12. Behavior enforcement

8. Privacy protection

11. Operators in shared spectrum

7. Secure routing

10. Selfishness in PKT FWing

6. Secure neighbor discovery

9. Selfishness at the MAC layer

5. Security associations

4. Naming and addressing

3. Trust

Appendix A:

Security and crypto

Appendix B:Game theory

2. Upcoming networks

1. Existing networks

http://secowinet.epfl.ch

Márk Félegyházi (EPFL)

Part I:

Introduction to game theory

- Ch 1: A tutorial on game theory
- Ch. 2: Multi-radio channel allocation in wireless networks
- Ch. 3: Packet forwarding in static ad-hoc networks
- Ch. 4: Packet forwarding in dynamic ad-hoc networks
- Ch. 5: Packet forwarding in multi-domain sensor networks
- Ch. 6: Cellular operators in a shared spectrum
- Ch. 7: Border games in cellular networks

Part II:

Non-cooperative users

Part III:

Non-cooperative network operators

Márk Félegyházi (EPFL)

Introduction to Game Theory

c1

c2

f1

f2

f3

- two channels: c1 and c2
- total available throughput: and

- two devices: p1 and p2
- throughput is fairly shared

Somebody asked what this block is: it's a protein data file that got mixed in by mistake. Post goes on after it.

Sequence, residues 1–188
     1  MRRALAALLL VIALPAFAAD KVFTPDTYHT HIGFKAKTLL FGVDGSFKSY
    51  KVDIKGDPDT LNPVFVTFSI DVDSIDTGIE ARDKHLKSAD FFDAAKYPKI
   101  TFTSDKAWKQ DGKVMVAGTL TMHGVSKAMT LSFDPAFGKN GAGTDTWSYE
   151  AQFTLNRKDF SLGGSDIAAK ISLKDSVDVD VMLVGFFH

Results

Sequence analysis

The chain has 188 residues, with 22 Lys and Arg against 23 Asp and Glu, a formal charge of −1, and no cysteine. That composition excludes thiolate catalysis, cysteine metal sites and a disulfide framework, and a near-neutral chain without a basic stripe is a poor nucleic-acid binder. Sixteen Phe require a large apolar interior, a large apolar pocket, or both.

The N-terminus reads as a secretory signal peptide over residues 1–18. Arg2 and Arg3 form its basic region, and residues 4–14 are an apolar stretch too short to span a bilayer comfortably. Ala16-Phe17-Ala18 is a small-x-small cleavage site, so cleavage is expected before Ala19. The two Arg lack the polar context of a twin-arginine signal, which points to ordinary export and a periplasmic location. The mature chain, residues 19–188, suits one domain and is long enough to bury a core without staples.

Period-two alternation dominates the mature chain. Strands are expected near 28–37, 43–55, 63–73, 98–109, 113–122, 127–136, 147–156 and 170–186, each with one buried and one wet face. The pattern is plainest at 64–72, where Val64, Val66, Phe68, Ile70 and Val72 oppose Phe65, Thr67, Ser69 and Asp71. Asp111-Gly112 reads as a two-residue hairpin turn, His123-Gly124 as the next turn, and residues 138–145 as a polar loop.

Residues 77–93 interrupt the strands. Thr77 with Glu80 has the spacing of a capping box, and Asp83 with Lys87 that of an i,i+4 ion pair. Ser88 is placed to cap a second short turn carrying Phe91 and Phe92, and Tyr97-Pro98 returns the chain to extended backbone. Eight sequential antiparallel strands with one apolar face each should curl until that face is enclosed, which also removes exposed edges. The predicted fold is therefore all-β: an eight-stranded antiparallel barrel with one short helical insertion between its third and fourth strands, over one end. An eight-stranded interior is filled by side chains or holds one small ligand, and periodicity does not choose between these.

- users of the devices are rational

- Channel Allocation (CA) game: GCA = (N, S, U)
- N – players: p1 and p2
- S – strategies: choosing the channels
- and

- U – payoff functions: received throughputs
- and

strategy of player i

strategy profile

payoff of player i

Márk Félegyházi (EPFL)

- the CA game in strategic form

Márk Félegyházi (EPFL)

Best response: Best strategy of player i given the strategies of others.

Nash equilibrium: No player has an incentive to unilaterally deviate.

Márk Félegyházi (EPFL)

Pareto-optimality: The strategy profile spois Pareto-optimal if:

with strict inequality for at least one player i

Price of anarchy: The ratio between the total payoff of players playing a socially-optimal (max. Pareto-optimal) strategy and a worst Nash equilibrium.

Márk Félegyházi (EPFL)

Multi-Radio Channel Allocation in Wireless Networks

Non-Cooperative Users

- Channel allocation
- in cellular networks: fixed and dynamic: [Katzela and Naghshineh 1996, Rappaport 2002]